HARIPUR: Security around Haripur Jail has been heightened in wake of the Dera Ismail Khan jailbreak.
Entry and exit points on Jail Road, along with the building and nearby residential areas have been barricaded with elite force officials deployed.
“Yes, we have called in reinforcements from the elite force to make the security more robust,” said Haripur Jail Superintendent Masudur Rahman, while speaking to journalists.
After the Tehreek-e-Taliban Pakistan attacked DI Khan Central Jail late Monday night and freed nearly 248 inmates, prison authorities and police administration officials have put their heads together to revise existing jail security across the province.
In order to avoid a similar attack on Haripur Jail, the second largest prison in the province and a prospective target for militants, Khyber-Pakhtunkhwa’s inspector general of police and military officials visited the jail and reviewed security arrangements. The officials decided to beef up security around the prison and deployed over 200 elite and regular force personnel inside and outside the facility. Men have also been posted outside the jail to guard boundary walls.
Moreover, movement around the jail will be restricted between 8pm and 8am on a daily basis. According to prison officials, security cameras have been installed on the prison’s walls to monitor all activity.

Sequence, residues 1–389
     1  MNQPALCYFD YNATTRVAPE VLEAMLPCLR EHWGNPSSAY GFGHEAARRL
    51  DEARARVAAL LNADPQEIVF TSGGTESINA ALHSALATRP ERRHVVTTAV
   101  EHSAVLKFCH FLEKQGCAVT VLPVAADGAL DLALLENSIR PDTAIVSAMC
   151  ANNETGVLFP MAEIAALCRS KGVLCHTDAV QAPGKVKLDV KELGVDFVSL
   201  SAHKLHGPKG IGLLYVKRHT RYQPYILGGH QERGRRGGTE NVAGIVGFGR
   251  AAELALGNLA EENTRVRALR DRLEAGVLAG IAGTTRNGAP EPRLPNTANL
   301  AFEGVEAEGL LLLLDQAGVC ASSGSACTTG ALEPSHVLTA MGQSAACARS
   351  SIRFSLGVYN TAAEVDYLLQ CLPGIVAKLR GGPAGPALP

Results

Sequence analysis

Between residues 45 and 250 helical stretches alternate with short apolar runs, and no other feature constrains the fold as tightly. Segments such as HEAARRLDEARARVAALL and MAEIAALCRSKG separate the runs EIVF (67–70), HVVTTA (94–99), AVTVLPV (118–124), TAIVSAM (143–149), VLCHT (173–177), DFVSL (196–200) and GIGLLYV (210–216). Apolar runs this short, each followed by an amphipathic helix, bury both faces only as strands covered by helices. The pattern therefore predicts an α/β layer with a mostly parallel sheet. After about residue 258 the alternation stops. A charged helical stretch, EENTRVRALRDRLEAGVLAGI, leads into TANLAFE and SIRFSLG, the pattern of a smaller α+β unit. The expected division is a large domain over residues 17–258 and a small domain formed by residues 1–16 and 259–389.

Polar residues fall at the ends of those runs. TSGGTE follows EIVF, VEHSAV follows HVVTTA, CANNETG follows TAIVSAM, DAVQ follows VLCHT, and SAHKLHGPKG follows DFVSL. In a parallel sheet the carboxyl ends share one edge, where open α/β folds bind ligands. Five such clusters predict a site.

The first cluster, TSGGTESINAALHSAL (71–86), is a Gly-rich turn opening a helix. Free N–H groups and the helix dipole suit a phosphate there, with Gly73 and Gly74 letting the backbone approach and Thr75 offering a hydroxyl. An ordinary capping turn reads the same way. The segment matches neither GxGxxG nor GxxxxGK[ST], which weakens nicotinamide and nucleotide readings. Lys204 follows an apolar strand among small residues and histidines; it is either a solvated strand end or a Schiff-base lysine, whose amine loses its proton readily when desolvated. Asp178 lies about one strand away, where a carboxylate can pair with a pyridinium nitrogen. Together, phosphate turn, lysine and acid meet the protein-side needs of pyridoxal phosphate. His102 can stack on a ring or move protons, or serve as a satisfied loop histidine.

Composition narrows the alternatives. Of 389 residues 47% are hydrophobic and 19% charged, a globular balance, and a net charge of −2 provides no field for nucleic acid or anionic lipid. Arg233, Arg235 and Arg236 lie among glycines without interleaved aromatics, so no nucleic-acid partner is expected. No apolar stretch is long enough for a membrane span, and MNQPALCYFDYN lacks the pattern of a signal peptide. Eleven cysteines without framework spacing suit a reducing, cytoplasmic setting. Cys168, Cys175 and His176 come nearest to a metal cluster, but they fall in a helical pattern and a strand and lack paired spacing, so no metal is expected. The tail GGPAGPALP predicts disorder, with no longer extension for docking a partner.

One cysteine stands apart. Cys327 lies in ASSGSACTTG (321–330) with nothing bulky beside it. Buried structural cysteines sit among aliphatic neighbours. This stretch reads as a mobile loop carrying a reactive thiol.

“We are making extraordinary security arrangements to protect the building from any attack,” said DPO Mujeedur Rehman, adding Haripur jail was an important building as it housed over 2,000 inmates including women, juveniles, hardened criminals and militants. Rehman also said the police, jail department and military authorities were closely coordinating with one another to ensure there was no breach of security at the facility.
According to another jail official requesting anonymity, after the Taliban orchestrated the Bannu jailbreak last year all prisons having some militants have come on the Taliban’s hit-list. When asked whether the jail department planned to install mobile phone jammers to prevent inmates from making contact with the outside world, the official said a plan was afoot and the system would likely be put in place soon. “It is the central office in Peshawar that has the power to actually implement this plan, however,” he claimed.
The official also revealed shifting high-profile militants to separately constructed jails had been under discussion for several months, and authorities would decide on this issue very soon.
Published in The Express Tribune, August 1st, 2013.